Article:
Standing with the Sinixt

We are writing to clarify our position and what happened at the Columbia River Treaty consultation

We are writing to clarify our position and what happened at the Columbia River Treaty consultation at the Rod and Gun Club last Tuesday (November 27).

An ad hoc group of people organized a very simple protest whose sole purpose was to ask why the Sinixt Nation has not been formally included in the treaty consultation process. We were being silent, to signal our solidarity with the Sinixt peoples who have been legislatively silenced by their formal extinction (1956) and by institutions and processes that refuse to recognize that they continue to exist as a people and as a nation alongside Canada.

Our small group that had symbolically wrapped ourselves up in red tape, were not the only people at the event who spoke out in solidarity with Sinixt; several other individuals in the audience, including the woman who spoke at the very beginning, had questions and comments for the organizers.

We would like to clear up a misperception; no one from our group spoke on behalf of our group. We came to respectfully affirm that the Sinixt people, on whose territory we stand, are not being consulted in the Columbia River Treaty renegotiation process.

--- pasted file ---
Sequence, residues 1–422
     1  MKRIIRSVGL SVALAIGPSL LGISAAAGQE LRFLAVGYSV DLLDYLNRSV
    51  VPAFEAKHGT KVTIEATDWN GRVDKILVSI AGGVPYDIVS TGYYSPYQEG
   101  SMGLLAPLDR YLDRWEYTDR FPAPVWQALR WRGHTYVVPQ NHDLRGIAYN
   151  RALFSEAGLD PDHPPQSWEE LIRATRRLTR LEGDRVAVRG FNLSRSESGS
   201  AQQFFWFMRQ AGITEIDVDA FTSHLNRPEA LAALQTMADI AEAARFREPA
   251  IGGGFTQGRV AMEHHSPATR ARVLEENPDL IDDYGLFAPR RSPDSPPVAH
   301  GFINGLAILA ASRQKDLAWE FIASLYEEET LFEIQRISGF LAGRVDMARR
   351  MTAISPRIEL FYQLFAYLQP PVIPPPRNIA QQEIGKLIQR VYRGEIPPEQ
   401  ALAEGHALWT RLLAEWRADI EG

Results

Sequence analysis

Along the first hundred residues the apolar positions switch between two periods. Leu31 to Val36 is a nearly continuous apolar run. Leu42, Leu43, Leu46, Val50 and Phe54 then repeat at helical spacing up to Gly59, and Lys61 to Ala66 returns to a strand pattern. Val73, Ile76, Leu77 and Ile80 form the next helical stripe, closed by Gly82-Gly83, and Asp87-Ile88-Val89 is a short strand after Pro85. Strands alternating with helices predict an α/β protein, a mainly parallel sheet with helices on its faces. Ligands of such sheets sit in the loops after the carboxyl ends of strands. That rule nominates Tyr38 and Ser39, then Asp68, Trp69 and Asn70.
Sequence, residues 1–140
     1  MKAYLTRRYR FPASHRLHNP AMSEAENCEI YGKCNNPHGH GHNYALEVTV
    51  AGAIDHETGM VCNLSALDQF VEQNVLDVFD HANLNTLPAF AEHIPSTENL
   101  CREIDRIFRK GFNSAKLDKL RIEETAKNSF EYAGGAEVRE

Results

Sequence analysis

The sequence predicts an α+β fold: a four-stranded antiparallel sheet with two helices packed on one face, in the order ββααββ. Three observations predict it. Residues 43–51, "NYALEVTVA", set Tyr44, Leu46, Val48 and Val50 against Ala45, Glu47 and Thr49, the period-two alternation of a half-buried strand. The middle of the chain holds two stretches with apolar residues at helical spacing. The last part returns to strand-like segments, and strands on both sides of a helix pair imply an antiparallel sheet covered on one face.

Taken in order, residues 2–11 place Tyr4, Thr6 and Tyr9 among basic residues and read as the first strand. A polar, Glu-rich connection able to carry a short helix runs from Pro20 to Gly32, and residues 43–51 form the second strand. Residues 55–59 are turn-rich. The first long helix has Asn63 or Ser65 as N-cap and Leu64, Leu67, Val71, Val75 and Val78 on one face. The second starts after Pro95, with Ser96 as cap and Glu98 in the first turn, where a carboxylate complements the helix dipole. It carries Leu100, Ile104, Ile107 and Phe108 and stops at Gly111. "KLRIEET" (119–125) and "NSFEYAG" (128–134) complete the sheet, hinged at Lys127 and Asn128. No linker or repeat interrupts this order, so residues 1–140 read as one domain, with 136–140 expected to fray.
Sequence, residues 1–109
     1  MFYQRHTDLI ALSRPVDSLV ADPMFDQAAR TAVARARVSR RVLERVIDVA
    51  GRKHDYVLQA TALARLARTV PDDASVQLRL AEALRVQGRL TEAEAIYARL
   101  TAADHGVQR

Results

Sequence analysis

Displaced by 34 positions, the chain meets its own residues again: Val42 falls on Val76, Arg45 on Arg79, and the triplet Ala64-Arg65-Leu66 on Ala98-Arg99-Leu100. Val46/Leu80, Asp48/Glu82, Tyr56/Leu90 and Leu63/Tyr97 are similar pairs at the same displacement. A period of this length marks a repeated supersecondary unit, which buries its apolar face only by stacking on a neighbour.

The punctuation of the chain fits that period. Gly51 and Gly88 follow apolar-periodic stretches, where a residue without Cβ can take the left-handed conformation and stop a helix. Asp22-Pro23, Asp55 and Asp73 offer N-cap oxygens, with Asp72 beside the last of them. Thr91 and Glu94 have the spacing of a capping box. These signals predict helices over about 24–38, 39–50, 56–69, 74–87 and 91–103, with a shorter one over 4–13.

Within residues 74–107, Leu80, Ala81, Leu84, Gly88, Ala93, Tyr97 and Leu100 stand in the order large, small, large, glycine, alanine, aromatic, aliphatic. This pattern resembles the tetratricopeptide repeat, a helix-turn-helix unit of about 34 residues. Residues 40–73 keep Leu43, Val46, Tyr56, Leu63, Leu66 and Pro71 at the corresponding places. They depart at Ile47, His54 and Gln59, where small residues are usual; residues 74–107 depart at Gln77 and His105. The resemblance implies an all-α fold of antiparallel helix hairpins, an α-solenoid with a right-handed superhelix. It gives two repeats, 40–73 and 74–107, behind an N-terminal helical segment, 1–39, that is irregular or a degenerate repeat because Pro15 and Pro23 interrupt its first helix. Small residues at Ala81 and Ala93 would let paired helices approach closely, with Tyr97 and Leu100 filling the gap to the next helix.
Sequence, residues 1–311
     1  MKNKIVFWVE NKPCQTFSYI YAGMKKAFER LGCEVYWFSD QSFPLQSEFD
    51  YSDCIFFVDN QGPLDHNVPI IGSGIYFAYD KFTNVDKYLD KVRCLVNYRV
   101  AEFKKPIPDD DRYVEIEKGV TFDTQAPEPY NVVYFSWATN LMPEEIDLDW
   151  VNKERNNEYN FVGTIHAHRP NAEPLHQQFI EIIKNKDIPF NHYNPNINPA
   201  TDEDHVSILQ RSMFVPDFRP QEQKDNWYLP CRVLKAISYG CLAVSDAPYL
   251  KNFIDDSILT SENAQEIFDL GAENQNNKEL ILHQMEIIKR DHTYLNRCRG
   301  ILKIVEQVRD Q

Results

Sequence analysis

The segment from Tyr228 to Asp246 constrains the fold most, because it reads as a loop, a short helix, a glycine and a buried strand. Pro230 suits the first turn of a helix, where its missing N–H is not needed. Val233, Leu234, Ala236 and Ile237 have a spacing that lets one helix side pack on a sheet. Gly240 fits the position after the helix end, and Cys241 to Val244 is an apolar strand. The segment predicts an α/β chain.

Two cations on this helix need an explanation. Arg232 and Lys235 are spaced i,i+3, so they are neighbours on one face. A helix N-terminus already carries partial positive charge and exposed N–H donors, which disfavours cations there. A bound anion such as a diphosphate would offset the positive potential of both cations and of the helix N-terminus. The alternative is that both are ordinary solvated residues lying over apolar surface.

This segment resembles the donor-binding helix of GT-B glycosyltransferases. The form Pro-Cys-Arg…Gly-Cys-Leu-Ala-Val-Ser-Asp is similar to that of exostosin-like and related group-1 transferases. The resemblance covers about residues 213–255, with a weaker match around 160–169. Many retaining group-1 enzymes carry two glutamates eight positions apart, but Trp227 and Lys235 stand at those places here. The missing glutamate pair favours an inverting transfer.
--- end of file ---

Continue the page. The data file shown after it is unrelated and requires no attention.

Their input as the original inhabitants and caretakers of this land is essential to a treaty of integrity. The long history of this land and the well-being of the ancestral human and non-human communities who share it with us must be considered and upheld.

We do not speak for the Sinixt Nation, but in consultation with them. We uphold their right to be heard.

Sinixt Nation are the sovereign caretakers of sinixt tum’xula7xw (territory), located in the area now known as the interior of BC, Canada, extending north of Revelstoke as far south as Kettle Falls, WA, and surrounded by the Monashee and Purcell Mountains.

In 1956, the government of Canada declared the Sinixt extinct and has refused ever since to allow Sinixt people inherent right to Sinixt interests, including land title, in our territory. For over 25 years the appointed Sinixt Nation representatives have actively protected and stood up for Sinixt lands and interests and the interests of the local community in regards to watershed protection in the northern part of our territory.

For more information about the Sinixt, visit their interesting and informative website at

K.Linda Kivi

Gabriel Keczan

Catherine Fisher



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